Paying for pensions: An international comparison of administrative charges in funded retirement-income systems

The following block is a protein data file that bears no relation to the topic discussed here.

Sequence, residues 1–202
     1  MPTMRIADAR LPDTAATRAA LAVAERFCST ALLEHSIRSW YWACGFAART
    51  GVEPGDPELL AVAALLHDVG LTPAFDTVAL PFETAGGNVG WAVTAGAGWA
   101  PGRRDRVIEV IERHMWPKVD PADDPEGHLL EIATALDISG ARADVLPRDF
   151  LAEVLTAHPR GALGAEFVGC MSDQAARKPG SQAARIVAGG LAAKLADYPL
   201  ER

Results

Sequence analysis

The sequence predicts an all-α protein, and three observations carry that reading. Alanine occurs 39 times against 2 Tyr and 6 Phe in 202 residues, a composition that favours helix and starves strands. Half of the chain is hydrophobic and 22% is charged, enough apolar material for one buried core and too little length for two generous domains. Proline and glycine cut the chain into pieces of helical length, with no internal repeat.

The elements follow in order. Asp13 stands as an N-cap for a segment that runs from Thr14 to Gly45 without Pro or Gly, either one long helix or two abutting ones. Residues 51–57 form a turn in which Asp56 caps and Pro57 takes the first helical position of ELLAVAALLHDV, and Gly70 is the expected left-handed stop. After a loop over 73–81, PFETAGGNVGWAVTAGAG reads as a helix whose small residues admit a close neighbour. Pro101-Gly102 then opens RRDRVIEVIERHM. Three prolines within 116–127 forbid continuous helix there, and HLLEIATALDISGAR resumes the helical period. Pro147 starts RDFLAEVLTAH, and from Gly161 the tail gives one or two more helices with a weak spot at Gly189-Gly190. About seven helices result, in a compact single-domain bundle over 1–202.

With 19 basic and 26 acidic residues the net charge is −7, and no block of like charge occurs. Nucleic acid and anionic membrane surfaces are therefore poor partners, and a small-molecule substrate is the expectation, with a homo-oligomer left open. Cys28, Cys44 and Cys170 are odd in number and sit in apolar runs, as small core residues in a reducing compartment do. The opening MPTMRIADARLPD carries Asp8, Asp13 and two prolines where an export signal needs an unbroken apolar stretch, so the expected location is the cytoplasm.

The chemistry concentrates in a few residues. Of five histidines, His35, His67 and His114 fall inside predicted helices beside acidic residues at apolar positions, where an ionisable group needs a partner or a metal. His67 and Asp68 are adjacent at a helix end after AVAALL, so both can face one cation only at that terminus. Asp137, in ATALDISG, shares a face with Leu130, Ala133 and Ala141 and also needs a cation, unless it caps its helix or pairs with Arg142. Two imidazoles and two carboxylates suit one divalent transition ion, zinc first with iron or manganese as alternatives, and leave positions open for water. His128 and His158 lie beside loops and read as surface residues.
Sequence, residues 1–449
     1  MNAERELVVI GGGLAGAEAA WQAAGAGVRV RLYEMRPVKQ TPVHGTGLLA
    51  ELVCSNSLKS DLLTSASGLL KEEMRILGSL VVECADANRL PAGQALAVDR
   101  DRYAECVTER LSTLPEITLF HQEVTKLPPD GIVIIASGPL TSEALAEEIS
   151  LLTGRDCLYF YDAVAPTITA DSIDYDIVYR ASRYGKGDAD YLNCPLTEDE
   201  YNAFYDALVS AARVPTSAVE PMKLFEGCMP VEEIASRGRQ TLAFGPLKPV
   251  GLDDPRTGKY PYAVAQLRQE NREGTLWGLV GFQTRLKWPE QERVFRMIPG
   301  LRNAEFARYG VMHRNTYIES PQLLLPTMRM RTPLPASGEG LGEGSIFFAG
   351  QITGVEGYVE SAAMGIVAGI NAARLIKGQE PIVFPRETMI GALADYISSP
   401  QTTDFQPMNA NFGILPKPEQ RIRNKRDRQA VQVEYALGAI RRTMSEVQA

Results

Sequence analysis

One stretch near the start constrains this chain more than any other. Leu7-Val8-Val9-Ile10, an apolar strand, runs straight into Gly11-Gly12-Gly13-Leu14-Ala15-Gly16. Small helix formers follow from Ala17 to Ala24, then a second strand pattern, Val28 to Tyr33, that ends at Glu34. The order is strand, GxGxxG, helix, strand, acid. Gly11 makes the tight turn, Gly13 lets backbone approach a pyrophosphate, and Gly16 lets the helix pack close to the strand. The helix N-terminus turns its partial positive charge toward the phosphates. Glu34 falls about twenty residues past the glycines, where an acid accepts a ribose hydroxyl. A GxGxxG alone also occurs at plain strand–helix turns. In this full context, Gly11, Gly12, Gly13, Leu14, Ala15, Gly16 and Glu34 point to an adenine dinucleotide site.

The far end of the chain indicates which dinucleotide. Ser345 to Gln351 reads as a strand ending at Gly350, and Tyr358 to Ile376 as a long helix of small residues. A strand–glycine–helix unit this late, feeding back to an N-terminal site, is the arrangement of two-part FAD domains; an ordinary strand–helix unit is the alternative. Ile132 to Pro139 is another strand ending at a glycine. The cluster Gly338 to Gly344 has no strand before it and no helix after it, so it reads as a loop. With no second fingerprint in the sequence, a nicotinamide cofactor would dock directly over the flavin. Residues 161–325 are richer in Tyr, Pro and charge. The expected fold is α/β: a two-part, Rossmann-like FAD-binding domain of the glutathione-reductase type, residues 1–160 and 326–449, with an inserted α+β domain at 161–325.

High charges for personal pensions were one factor in the personal pensions mis-selling debacle in the United Kingdom. They continued to arouse concern among politicians and commentators. The Labour government, with its new flagship ‘stakeholder’ pension, chose to regulate both the structure of charges and their level. This paper assesses the international experience of charges in funded retirement-income systems, drawing on evidence from fourteen countries with very diverse policies. Measuring the price of financial services is more difficult than comparing the cost of other goods or services. Providers can levy many different kinds of charges. These can include one-off and ongoing charges; proportional and fixed-rate fees; some based on contributions, some on the value of assets in the fund and some on investment returns. These different charges accumulate and interact in Complicated ways over the membership of a pension plan. The most familiar summary measure of charges is the ‘reduction in yield’. This adds together all the charges over the lifetime of an example pension policy and expresses them as a percentage of assets. Measuring charges as a proportion of contributions is the alternative. This turns out to be the same as calculating lifetime charges as a proportion of the balance accumulated at retirement. This second measure is known as the ‘reduction in premium’ or the charge ratio. The fourteen countries surveyed (Section 2) adopt very different approaches. At one end of the spectrum, Australia and the United Kingdom (with personal pensions) have completely liberal policies on charge levels and structures, but require providers to set out the effect of charges in a standard format. Most Latin American countries, including Argentina and Chile, restrict the charge structure: in these cases, allowing a fixed fee plus a charge as a proportion of contributions. Poland, too, limits the types of fee that can be levied, but also limits funds to charging 0.6 per cent of assets, while other charges are uncapped. Sweden, Kazakhstan and the United Kingdom (with stakeholder pensions) restrict both the charge structure and the charge level. In the last two, there is a fixed ceiling while Sweden varies the cap using a complex formula based on the amount that providers charge to manage voluntary savings. Finally, Bolivia auctioned the rights to manage its mandatory pension fund assets to international fund managers. The empirical evidence from these countries charge levels. In countries with systems based on individual accounts and individual choice among competing pension providers, average charges vary from under 15 to above 30 per cent. The paper assesses the options and the arguments for ontrolling charges. Measures to increase transparency comprise requirements for providers to disclose the level of charges, public provision of information in charge ‘league tables’ and allowing charges to be levied on top of rather than out of mandatory pension contributions. If governments choose to restrict charge structures, to facilitate comparisons between different providers, the most important policy choice is between contribution-based levies and asset-based fees. Latin American countries have tended to opt for the former, the United Kingdom has chosen the latter for stakeholder pensions. The main issues in this choice are the time profile of providers’ revenues, fund managers’ incentives to maximise returns and the incidence of the charges on different providers. Restricting charge levels raises some important concerns, particularly about governments’ ability to choose the ‘right’ level for the ceiling and the trade-offs in terms of restricting competition and individual choice of fund. Many of these policies to limit charges are aimed particularly at protecting low-income workers. But some countries have adopted alternative policies: for example, excluding low-income workers from the requirement to contribute and protecting them with safety-net pensions in old-age or cross-subsidising low-income workers directly with a minimum contribution from the government. Some commentators have suggested alternative institutional structures for managing funded pension assets to reduce costs. However, empirical evidence shows that publicly managed pension funds have generated poor returns. Also, the evidence on economies of scale in fund management suggests that the minimum efficient scale is relatively small and does not imply the presence of efficiency gains from a monopoly in managing funded pensions except in small economies. Again, there are important trade-offs in these policies, including corporate governance problems and the restriction of competition and individual choice.
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